Portrait of a Dynasty
Based on hours of unprecedented interviews with members of the Bush family, The Bushestells the inside story of the unique dynasty at the heart of American power.
As well as laying out the secretive family’s inner workings, this intimate and fascinating group portrait probes into such sensitive matters as their dealings in the oil business, George W.’s turbulent youth, and Jeb’s likely run for the presidency in 2008.
In this first full-scale biography, Peter and Rochelle Schweizer insightfully explore the secrets of the Bushes’ rise from obscurity to unprecedented influence. The family’s free-flowing, pragmatic, and opportunistic style consciously distinguishes them from previous political dynasties; they consider themselves the “un-Kennedys.” But with their abiding emphasis on loyalty and networking, the Bushes’ continuing success seems assured–making this book essential reading for anyone who cares about America’s future.
The long awaited book written by “Uncle Don”. Of course the book is completely screened by the agency, but still a good read.
Donald P. Gregg
From the publisher:
Pot Shards is a memoir, based on the author’s memorable experiences. Donald P. Gregg spent thirty-one years as an operations officer in CIA and ten years in the White House under presidents Jimmy Carter and Ronald Reagan and Vice President George H. W. Bush. Pot Shards is his memoir. It tells of a philosophy major who graduated from college in 1951 and immediately joined CIA when told, “You’ll jump out of airplanes and save the world!” With raucous humor, he describes his parachute training and arctic survival course in Idaho. His book is a window into the Cold War-era CIA, both its failings (twenty years in a Chinese jail for a close friend) and unheralded successes, including Gregg’s role in saving the life of Kim Dae-jung, a Korean political dissident who later, as president, won the Nobel Peace Prize. Gregg colorfully describes his tours in Japan, Burma, Vietnam, and South Korea.
This book is discussed in show 388 but referred to on other shows as well. In this show the book is mentioned in the context of Oil (as always).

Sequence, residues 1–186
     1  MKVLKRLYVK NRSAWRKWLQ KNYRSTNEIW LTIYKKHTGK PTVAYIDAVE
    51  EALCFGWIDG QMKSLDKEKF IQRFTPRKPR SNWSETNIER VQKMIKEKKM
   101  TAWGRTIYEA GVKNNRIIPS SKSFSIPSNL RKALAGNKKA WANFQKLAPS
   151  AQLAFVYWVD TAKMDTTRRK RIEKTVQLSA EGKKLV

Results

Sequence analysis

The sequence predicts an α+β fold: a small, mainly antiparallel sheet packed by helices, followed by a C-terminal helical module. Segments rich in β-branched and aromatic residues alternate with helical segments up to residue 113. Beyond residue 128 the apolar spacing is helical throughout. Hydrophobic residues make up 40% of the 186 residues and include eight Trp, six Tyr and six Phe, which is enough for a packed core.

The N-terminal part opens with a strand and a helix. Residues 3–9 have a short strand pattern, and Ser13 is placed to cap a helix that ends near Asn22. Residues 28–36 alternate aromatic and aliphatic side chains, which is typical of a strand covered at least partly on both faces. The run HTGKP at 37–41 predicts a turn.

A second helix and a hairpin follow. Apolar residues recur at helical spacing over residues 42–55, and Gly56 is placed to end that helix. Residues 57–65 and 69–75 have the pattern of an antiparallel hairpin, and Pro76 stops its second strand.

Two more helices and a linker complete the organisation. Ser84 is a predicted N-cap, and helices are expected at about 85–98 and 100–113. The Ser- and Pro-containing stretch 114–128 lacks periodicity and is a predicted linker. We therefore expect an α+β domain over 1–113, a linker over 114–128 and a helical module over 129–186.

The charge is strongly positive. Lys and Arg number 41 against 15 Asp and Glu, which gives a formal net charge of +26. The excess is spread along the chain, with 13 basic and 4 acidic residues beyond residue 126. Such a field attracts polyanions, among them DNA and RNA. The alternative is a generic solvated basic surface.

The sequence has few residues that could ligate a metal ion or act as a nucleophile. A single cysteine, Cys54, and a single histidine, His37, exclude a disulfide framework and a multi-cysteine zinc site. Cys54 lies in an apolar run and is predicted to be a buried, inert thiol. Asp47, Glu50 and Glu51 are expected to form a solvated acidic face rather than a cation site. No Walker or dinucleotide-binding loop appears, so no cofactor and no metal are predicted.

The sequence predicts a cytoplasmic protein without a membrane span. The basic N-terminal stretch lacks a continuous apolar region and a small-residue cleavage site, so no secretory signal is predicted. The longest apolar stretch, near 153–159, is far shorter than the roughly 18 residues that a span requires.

Mentioned again in show 440
From the book of knowledge:
The book tells the story of Cheng’s arrest during the first days of the Cultural Revolution, her imprisonment, release, persecution, efforts to leave China, and early life in exile.
Cheng was arrested in late 1966 after Red Guards looted her home. During her imprisonment, she was pressured to make a false confession that she was a spy for “the imperialists” because for many years after the death of her husband she had continued to work as a senior partner for Shell in Shanghai. Cheng refused to provide a false confession, and was tortured as a result.
From the publisher:
In this lyrical, unsentimental, and compelling memoir, the son of a black African father and a white American mother searches for a workable meaning to his life as a black American. It begins in New York, where Barack Obama learns that his father a figure he knows more as a myth than as a man has been killed in a car accident. This sudden death inspires an emotional odyssey first to a small town in Kansas, from which he retraces the migration of his mother s family to Hawaii, and then to Kenya, where he meets the African side of his family, confronts the bitter truth of his father s life, and at last reconciles his divided inheritance.
During the discussion about adderall on show 421 Adam Curry mentioned his interview with Joe Pantoliano. The book discussed is called “Asylum”
From the publisher:
In this deeply moving and resourceful memoir, beloved actor-director and <em>New York Times</em> bestselling author Joe Pantoliano takes aim at the stigma attached to what he calls “brain dis-ease” by writing candidly and humorously about his own journey through clinical depression and addiction. Most people know Joe Pantoliano from his memorable roles in such blockbuster movies as <em>The Matrix</em>, <em>Risky Business</em>, <em>The Fugitive</em>, and <em>Memento</em>, or from his Emmy-winning performance on <em>The Sopranos</em>. But despite all this success, the actor, known as “Joey Pants,” struggled with what he later found out was clinical depression—or brain dis-ease, as he calls it. Asylum is the story of Joe’s quest for the Hollywood success he was sure would cure him, and the painful downhill spiral into depression and addiction that followed his success. Weaving deeply personal experience together with informative discourse, this memoir creates an unflinchingly honest portrayal of the true nature of the disease, as well as Joe’s own eventual diagnosis, recovery, and ongoing efforts to educate others and remove the stigma from mental illness.